hurry) I can make myself useful in another way. Oh, how I do enjoy making myself useful. If you trust your letter to the basket in the hall Helena's lovely eyes — capable of the meanest conceivable actions — are sure to take a peep at the address. In that case do you think your letter would get to London ? I am afraid you detect a Taint infusion of spitefulness in that question. Oh, for shame. I'll poet the letter myself.' Chapter X .XX VII. For some reason, which my unassisted penetration vraa unable to disc-over, M-.33 He'era Gracedieu kept out of my way. At dinner on the day of my arrival, at.d at breakfast on the nest morning, she was present of course, ready to make herself agreeable in a modest way, arid provided with the necas sary supply of cheerful small talk. Bat the meal having come to an end she had her domestic txcuse ready, and unosten tatiously disappeared like a well-bred young lady. 1 never met her on tile stairs, never found myself intruding on her in the drawicg-rjom, never caught her gttting out of my way in the garden. As much at a loss for an explanation of tbeee nijsteries as I was Miss Jiilgall's interest in nay welf&re led her to caution me in a vague arid general v^ay. ' Take my word for it, dear Mr. Governor, she has some design on you. Will you allow an insignificant old maid to offer a suggestion ? Oh, thank you ; I will venture to adviee. Please look back at yoor experience of the very worat female prisoner you ever had to deal with — and D9 guided accordingly if Helena catches you at a private interview.' In less than half an hour after wards Helena caught me. I was writing in my room when the maidservant came in with a message — ' Miss Helena's compliments, sir, and would you please spare her half ars hour downstairs '{' My first excuse was of course that I was engaged. This was disposed of by a second me&eage, provided beforehand, no donbt, for an anticipated refusal — 'Miss Helena wished me to say, sir, that her time is your time.' I was still obstinate ; 1 pleaded next that my day was filled up. A third message had evidently been pre pared, even for this emergency — 'Mis3 Helena will regret, air, having the plaa Bure deferred, but she will leave you to make your own appointment for to morrow.' Persistency so inveterate a3 this led to a result which Mr. Gracedieu:s cauticus daughter had not perhaps con templated ; it put me on my guard. There seemed to be a chance, to say the least of it, that I might serve Eunice's interests if I discovered what the enemy had to say. I locked up my writing — declared myself incapable of putting Miss Helena to needkss inconvenience — and followed the maid to the lower floor of the house. The room to which I was conducted proved to be empty. I looked roand me. If 1 had been told that a man lived there who was absolutely indifferent to appearances I should have concluded that bis views were falthfnlfy represented by his place of abode. The chairs and tables reminced me of a railway waiting- room. The shabby little bookcase was the mate recoid of a life indifferent to literature. The carpet was of that dreadful drab color, still the cherished favorite of the average English mind in spite of every protest that can be entered against it on behalf of art. The ceiling, recently white? washed, made my eyes ache when they looked at it. On either side of the window flaccid green curtains hung help lessly, with nothing to loop them up. The writing-desk and the paper-case, viewed as specimens of woodwork, recalled the ready-made bedrooms on show in cheap shops. The books, mostly in slate-colored bindings, were devoted to the literature which is called religious ; I only discovered three worldly publications amoBgthem — 'Domestic Cookery,' 'Eti- quette for Ladies,' and ' Hints on the Breeding of Poultry.' An ugly little clock, ticking noisily in a black case', and two candlesticks of base metal placed on either side of it, completed the ornaments of the chimney piece. Neither pictures nor prints hid the barrenness of the walls. I saw no needlework and no flowers. The one object in the place which showed any pretensions to beauty was a looking-glass in an elegant gilt frame — sacred to vanity, and worthy of the office that it filled. Such was Helena Gracedieu's sitting room. I really could not help thinking — How like her ! ? She came in with a face perfectly adapted to the circumstances — pleased and smilfog ; amiably deferential in con sideration of the claims of her father's guest ; and to my surprise, in some degree BusgeBtive of one of those incorrigible female prisoners to whom Miss Jillgall had referred me when she offered a word of advice. 'How kind of you to come so soon. Excuse my receiving you in my house- - keepicg-room ; we shall not be interrupted here. Very plainly furnished is it not ? I dislike ostentation and display. Orna ments are out of place in a room devoted to domestic necessities. I hate domestic necessities. You notice the looking^gla&a ? It's a present. I should never have put such a thing up. Perhaps my vanity ex cuses it.' She pointed the last remark by a look at herself in the glass ; using It while she despised it. Yes ; there was a handsome face paying her its reflected compliment — but not bo well matched as it might have been by a handsome figure. Her feet were too large ; her shoulders were too high : the graceful undulations of a well made girl were absent when she walked ; and her boBom was, to my mind, unduly developed for her tune of life. She sat down by me with her back to the light. Happening to be opposite to the window, I offered her the advantage of a clear view of my face. She waited for me, and I waited for her— and there was an awkward pause before we spoke. She aet the example. ' Ien't it curious ?' she remarked. ' When two people have something par ticular to &ay to each other, and nothing to hinder them, they never seem to know how to Bay it. You are the oldest, elr. Why don't you begin ?' ' Because I have nothing particular to say.' ' In plain words, you mean that I must begin ¥' 'If you please.' ' Very well. I want to know whether I have given you (and Mlsa Jillgall, of course), as much time as you want, and aa many opportunities as you could desire 1' ' Pray go on, Miss Helena.' ' Have I not said enough already ?' 'Uoi enough, I regret to Bay, to con vey your meaning to me.' She drew her chair a little farther away from me ' I am sadly disappointed,' she said. ' I had such a high opinion of your perfect candor. I thought to myaelf there is such a striking expression of frankness in his face. Another illusion gone! I hope you won't think I am offended if I say a bold word. I am only a young girl, to be sure ; but I am not quite such a fool as you take me for. Dp you really think I don't know that Miss Jillgall has been telling yon everything that Is bad about me— putting every mis take that I have made, every fault that I have committed, in the worst possible point of view 1 And you have listened to her— quite naturally ! And you are prejudiced, strongly prejudiced, against me — what else could you be under the circumstances ! I don't complain ; I have purposely kept out of your way, and out of Miss Jillgall's way; in short, I have afforded you every facility, as the prospec tuses eay. I only want to know if my turn has come at last. Once more, have I given you time enough and opportunities enough ?' ' A great deal more than enough.' 'Do you mean that you have made up your mind about me without stopping to inink ?'

'That is exactly what I mean. An act of treachery, Miss Helena, is au act of treachery ; no honest person need hesitate to condemn it. I am sorry yon een.t for me.' I got up to go. With an ironical ges ture of remonstrance she signed to me to eit down again.' 'Must I remind you. dear sir, of oar famous native virtue % Falrplay is surely due to a yonng person who has nobody to take her part '( Yon talked of treachery just now. 1 deny the treachery. Please give me a hearing ' I returned to my chair. lOr would you prefer waiting,' slie went en, ' till my sister comas here later in the day, and continues what Miaa Jiilgsll has begun, with the greit ad vantoge of being yenng and nice look irg?' When the female mind aots into this state Eo-Tviae man answers the female questions. ' Am I $& take silence aa meaning yes ?' Miss Helena enquired. I be ggtd her to interpret my silence in the sense most agreeable to herself. This naturally encouraged her. She made a proposal — ' Do you mine chanaiag places, sir ?:- ' JuBt as yon like, Mus Helena.'' We changed chairs) ; tlfe light now fell full on her face. Had she deliberately challenged nie to look-into her secret mind if I eou'd? Anything like the stark in seriEibility of that yourg girl to every retirement of fetlirg, to every becoming doubt of herself, to every customary timidity of her age and sex in the prese ace of a man who had not disguised his un favorable opinion of her, I never met with in all my experience of the world and of women. ' I wish to be quite mistress of myself,' she explained ; ' l your face, for some reason wlich I really don't kaow, irritates me. The fact is, I have grea1: pride in keeping my temper. Please make allowances. New about Miss JiJgall. I suppose she told you how my sister fir3t met with Philip Dunboyne T' 'Yes.' 'She also mentioned, perhaps, that he was a highly- cultivated man ?' II She did.' 'Now we shall get on. When Philip came to our town here, and aaw me for the fiist time — Do you object to my spaak ing familiarly of him by his Christian oarre '{' 'in the case of anyone eke In your position. Bliss Helena, I ahould venture to cali it bad taste.' i was provoked into saying that. It failed entirely as a well meant effort in the way of implied reproof. Miaa Helena smiled. 'Ygu grant me a liberty which yon wculd not concede to another girl.' Taat was how she viewed it. ' We are getting on better already. To return to what I was sayirg. When Philip first saw me — I have it from himself, mind — he felt that I should have been his choice if he had met with me before he met with my &ieter. Do you blame him V 'If you will take my ad vies,' I said, ' you will not enquire too closely into my opinion of Mr. Philip Dunboyne.' ' Perhaps you don't wish me to go on V she suggested. 'On the contrary ; pray go on, if you like.' After that concession she was amia bility itself. ' Oh, yes,' she assured me, 'that's easily done;' and she went on accordingly. 'Philip having informed me of the state of his affections, I naturally followed his example. In fact, we exchanged confessions. Oar marriage engagement followed aa a matter of course. Do you blame me ?' ' Go on.' ' 1 have no more to say.' She made that ameziug reply frith, such perfect composure that I -beaap $o fea? there must have been som&. ^MPl^^ standlng between us. ' Is that really aff^ you have to say for yourself?'1 I per sisted. Her patience with me was niosi exemp lary. She lowered herself to *ay level. Not trusting to words only on this occa sion, she (bo to say) beat her meaning into my head by gesticulating on her fingers, as if ehe was educating a. child. *' Philip and I,' she began, ' are the victims of an accident which kept us apart when we otlght to have met together — we are not responsible for an accident.' She Impressed this on me by touching her forefinger. 'Philip and I fell In love with each other at first BlghT-^$fferare-~not responsible for the feelings implanted in our natures by an all- wise Providence.' Slie assisted me in understanding this by touching her middle finger. ' Philip and I owe a duty to each other, .aud accept a responsibility under those circumstances — the responsibility of getting married.' A touch on her third finger and an in dulgent bow announced that the lesson was ended. ' I am not a clever .man like you,' she modestly acknowledged, 'but I ask you to help us, when yois next see my father, with some confidence. You know exactly what to say to nimby this time. Nothing has been forgo&en.' 'Pardon me,' I said, **a person has been forgotten.' - ' ' Indeed ? What person ?' 'Your sister.' A little perplexed at first, Miss Helena reflected, and recovered herself. 'Ah, yes,' she said ; 'I was afraid I might be obliged to trouble yon for an ex planation—I see it now. You are Bhocked (very properly) when feelings j»f enmity exist between near relationst^^fwi w'6h to be assured that I bear no malica to wards Eunice. She is violent, she is sulky, she Is stupid, she is selfish ; and and she cruelly refuses to live in the same house with me. Make your mind easy, eir, I forgive my sister.' ; Let me not attempt to disgalae it — Miss Helena Gracedieu confounded jboh. Ordinary audacity is one of those forms of it solence which mature experience dis misses with contempt. This girl's audacity struck down all resistance for one shocking reason — it was unquestionably sincere. Strong conviction of her own virtue stared at me in her proud and steady eyes. At that time I was not aware of what I have learnt since. The horrid hardening of her moral sense had been accomplished by herself. In her diary there has been found the confession of a secret course of reading — with supple ? mentary reflections flowing from it, which need only to be described as worthy of their source. A person capable of repentance and reform would, in her place, have seen that ehe had disgusted me. Not a suspicion of this occurred to Miss Helena. 'I see you are embarrassed,' she remarked, ' and I am at no Ioes to account for it. You are too polite to acknowledge that I have not made a friend of you yet. Oh, I mean to do it !' '2So,' I said, 'I think not.' ' We shall see,' she replied. ' Sooner or later you -will find yourself saying a kind word to my father for Philip and me.' She roBe and took a tarn in the room, and stopped at the window, eyeing me attentively. 'Are you thinking of Eunice ?' she asked. 'Yes.' *' She has your sympathy, I sunpoae 1' ' My heartfelt sympathy.' 'I needn't ask how I stand in your estimation after that. Pray express your self freely. Your looks confess ii^yon view me Tirlth a feeling of aversion.' ' I. view you with a feeling of horror.' The exasperating influences of her language, her looks, and her tones would, aa I venture to think, have got to Ihe end of another man's self -control before this. Any way, ehe had at last Irritated me into speaking as strongly as I felt. What I said had been so plainly (perhaps so rudely) expreased.'that misin terpretation of it seemed to t-e impossible. She mistook me, nevertheless. The most mereilc-ss disclosure of the dreary side of human destiny is surely to be found iu the failure of wordB, spoken .or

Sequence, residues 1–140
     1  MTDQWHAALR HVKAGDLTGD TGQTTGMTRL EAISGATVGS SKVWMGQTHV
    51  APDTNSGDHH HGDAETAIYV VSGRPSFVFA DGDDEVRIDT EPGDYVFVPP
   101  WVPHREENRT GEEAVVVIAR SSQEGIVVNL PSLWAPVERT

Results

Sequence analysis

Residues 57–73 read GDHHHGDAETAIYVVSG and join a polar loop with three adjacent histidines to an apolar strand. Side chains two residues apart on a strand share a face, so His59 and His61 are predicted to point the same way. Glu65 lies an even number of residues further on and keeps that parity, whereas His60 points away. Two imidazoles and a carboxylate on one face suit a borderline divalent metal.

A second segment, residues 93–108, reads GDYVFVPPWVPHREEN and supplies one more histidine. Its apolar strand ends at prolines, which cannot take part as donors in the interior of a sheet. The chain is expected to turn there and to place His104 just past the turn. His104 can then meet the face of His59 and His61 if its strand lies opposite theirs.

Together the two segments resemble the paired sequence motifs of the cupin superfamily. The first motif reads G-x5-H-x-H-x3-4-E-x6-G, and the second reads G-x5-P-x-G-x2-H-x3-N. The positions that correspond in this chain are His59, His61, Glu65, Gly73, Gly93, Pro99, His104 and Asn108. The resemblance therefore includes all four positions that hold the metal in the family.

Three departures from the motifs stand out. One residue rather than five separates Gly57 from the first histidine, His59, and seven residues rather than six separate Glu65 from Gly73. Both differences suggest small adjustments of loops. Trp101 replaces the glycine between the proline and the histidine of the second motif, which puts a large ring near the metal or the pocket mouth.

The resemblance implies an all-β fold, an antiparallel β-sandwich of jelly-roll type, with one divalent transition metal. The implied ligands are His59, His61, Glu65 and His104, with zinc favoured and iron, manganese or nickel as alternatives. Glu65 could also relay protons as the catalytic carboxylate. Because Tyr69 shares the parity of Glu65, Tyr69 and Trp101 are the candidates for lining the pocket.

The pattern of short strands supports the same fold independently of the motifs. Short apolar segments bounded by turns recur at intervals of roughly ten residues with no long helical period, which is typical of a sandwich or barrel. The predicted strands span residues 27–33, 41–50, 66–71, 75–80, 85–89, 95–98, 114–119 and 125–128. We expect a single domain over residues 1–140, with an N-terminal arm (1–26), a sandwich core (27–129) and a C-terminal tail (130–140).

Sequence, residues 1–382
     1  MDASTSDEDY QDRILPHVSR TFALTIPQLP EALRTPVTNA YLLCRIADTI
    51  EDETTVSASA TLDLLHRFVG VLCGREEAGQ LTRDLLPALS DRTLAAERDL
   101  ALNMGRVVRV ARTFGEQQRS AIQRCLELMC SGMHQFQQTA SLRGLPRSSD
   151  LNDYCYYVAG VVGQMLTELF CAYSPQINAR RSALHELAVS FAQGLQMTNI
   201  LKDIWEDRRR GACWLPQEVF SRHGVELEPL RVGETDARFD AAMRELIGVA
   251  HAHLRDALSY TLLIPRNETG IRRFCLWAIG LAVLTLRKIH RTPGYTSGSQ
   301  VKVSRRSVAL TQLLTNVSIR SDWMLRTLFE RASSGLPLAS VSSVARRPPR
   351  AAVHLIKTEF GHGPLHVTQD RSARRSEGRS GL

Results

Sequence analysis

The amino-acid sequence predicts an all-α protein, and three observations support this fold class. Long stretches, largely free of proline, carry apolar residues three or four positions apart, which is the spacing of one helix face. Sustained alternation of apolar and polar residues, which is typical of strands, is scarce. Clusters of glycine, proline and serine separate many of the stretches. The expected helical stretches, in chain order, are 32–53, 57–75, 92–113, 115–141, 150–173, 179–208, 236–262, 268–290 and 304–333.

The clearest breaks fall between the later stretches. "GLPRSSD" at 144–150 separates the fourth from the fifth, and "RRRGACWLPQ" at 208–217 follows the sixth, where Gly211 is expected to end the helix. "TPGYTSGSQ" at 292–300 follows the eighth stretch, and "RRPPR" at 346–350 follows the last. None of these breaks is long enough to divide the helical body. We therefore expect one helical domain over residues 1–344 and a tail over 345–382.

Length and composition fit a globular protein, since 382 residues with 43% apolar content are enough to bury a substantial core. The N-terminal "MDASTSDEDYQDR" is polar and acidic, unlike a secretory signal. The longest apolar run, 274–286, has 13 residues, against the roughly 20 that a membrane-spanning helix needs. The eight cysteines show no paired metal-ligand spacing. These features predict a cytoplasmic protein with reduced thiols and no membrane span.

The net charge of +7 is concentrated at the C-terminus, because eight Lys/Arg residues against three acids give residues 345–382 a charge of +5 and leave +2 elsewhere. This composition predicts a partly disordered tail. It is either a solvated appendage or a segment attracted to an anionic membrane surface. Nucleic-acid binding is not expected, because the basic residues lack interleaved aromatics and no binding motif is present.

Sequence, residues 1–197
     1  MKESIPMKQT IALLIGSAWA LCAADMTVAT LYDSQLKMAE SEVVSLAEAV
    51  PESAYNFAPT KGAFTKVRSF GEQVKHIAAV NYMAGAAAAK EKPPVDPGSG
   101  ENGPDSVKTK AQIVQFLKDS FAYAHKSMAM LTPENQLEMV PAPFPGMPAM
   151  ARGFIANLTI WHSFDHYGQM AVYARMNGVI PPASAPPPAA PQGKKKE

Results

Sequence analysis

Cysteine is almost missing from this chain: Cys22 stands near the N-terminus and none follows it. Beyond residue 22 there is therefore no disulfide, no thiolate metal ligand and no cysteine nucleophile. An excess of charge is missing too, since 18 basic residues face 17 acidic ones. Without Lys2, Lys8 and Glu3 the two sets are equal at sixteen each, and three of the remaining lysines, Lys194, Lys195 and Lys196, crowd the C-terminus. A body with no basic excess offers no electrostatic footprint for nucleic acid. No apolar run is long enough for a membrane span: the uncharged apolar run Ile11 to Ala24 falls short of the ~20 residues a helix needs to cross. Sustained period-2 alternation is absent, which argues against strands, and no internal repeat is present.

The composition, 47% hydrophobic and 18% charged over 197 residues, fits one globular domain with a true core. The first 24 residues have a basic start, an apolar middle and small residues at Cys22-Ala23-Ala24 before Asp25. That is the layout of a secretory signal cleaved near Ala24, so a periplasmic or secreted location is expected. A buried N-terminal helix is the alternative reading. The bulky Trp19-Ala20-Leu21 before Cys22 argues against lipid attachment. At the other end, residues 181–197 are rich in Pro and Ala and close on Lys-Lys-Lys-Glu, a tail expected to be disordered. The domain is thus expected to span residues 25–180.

written, so to answer their purpose that we can trust them in our attempts to communicate with each other. Bvea when lie seems to be connected by the nearest and dearest relations with his fellow mortals what a solitary creature, tried by the test of sympathy, the human being really is in the teeming world that ha inhabits. Affording one more example of the impotence of human language to speak for itself, my misinterpreted words had fcund their way to the one sensitive place in Helena Gracedieu's impenetrable nature, She betrayed it in the quivering aiid flushirg of her hard face, aad in the appeal to the lookirg- glass which escaped her eyes the next moment. My innocent reply hac coined the idea of a covers iiiscl-. acdi eased to nor handsome face. I'l other wcrcJs I had wonrdt-d her vanity. D.-iven by ieaentme.ifc tut came the. eecret dia tiust ot me v-l.dch had bepii !u:kin2 ia that cold heart frcui th« moment whan vre first met. ' I inspire y an with horror, a«3 Eunice irspires you with compa3siou,' she said. 'That, Kr Governor. i3 not natural.' '? May I aak why ? ' ' You know why.'' ' No.' ' You will have it ?' 'I want an explanati-m, Miss Helena, if thfit is what you mean.' ' Take your explanation, then ! You are not the stranger yon. are aaid to be to my sister and to me. Your interest in Eunice is a personal interest of some kind. 1 don't preteud to gnos3 what it is. As for myself, it is plain that somebody else has been setting you againBt me before Miss -Tillgall got possession of your private ear.' In alluding to Eunice she had blun dered, BlraDgely enough, on something like the truth. But when she spoke of herself, the headlong malignity of her euspicioDE— making every allowance for the anger that had hurried her Into them — Eeenntd to call for some little protest in tha interests of common sense. I told her that she was completely mistaken. ' ' I am completely right, ' she answered. ' I saw it.' ' Saw what ?' ' Saw you pretending to be a stranger tome.' ' When did I do that ?' 'Yon did it when we mtt at the station.' . The assertion waa too ridiculous for the preservation of any control over my own sense of humor. It was wrong, but it wa3 inevitable — I laughed. She looked at me with a fury revealing a concentra tion of evil passion in her which I had not eeen jet. I asked her pardon ; I begged her to think a little before she persisted in taking a view of my conduct unworthy of her and unjust to myself. 'Unjust to ycu!' Bhe burst out. 'Who are you? A man who haa driven your trade ha3 spies always at his com mand — yes ! and knows how to usa them. \ou were primed with private informa tion — you had, for all I know, a stolen photograph of me in your pocket — before ever ycu came to our town. Dj you still deny it ? Ob, sir, why degrade yourself by telling a lie ?' Kb such outrage as this had ever been itfiicted on me at any time in my life. My forbearance must, I suppose, have been more severely tried than I was aware of myself. With or without excuse for me I was weak enough to let a girl's spiteful tongue sting me, and worae still to let her see that I felt it. 'You shall have no second oppor tunity. Mias Gracedieu, of Insulting me.' With that foolish reply I opened the door violently and went out. She ran after me, triumphing in having roused the temper of a man old enough to have bten her grandfather, and caught me by the aria. ' Your own conduct has ex posed you,' (That was literally how she fiDresBBed herself). 'I saw it in yoar , eyes when we met at the station. Yon, the stranger — you, who allowed poor igno rant me to Introduce myself — you knew ni3 all the time, knew me by sight 1' 1 shock her hand off with an. incon siderate roughness humiliating to re member. 'It's false!' I cried. 'I knew you by your likeness to your mother.' The moment tha words had passed my Jips I came to my senses again ,* I re membered what fatal words they might prove to be if they reached the minister's ears. Heard only by his daughter, my reply seemed to cool the heat of her angsr in an instant. '?So you knew my mother?' she said. ' My father never told us that when he spoke of your being such a very old friend of his. Strange, to say the least of it.' I was wise enough — now when wisdom had come too late — not to attempt to ex plain myaelf, acd not to give her an op portunity of saving more. ' We are neither of us iu a state of mind,' I an swered, ' to allow thi3 interview to con tinue. I most try to recover my com posure ; and I leave you to do the same.' In the solitude of my room I was able to look my position fairly in the face. Mr. Gracedieu's wife had come to me in the long past time without her hus band's knowledge. Tempted to a cruel resolve by theruaternal triumph of having an infant of her own she had resolved to rid herself of the poor little rival in her husb&scLs fatherly affection by consigning the actopled child to the keeping of a charitable asylum. She had dared to ask me to help her, I had kept the secret of her shameful visit, I cau honestly say, for the minister's sake. And now, long after time had doomed those events to oblivion, they were revived — and revived by me. Thanks to my folly Mr. Grace dieu's daughter knew what I had con cealed from Mr. Gracedieu himself. - - What course did respect for my friend and respect for myself counsel me to take ? I could only see before me a choice of two evils. To wait for events with the too certain prospect of a * vindictive betrayal of my indiscretion by Helena Gracedieu ; or to take the initiative into my own hands, and risk consequences which I might regret to .the end- of my life by making my confession to the minister. Before I had decided somebody knocked at the door. It was the maid-servant again. Was it possible she had been sent by Helena? ' Another message ?' 'Yea, sir. My master wishes to see you.' (To be continued, )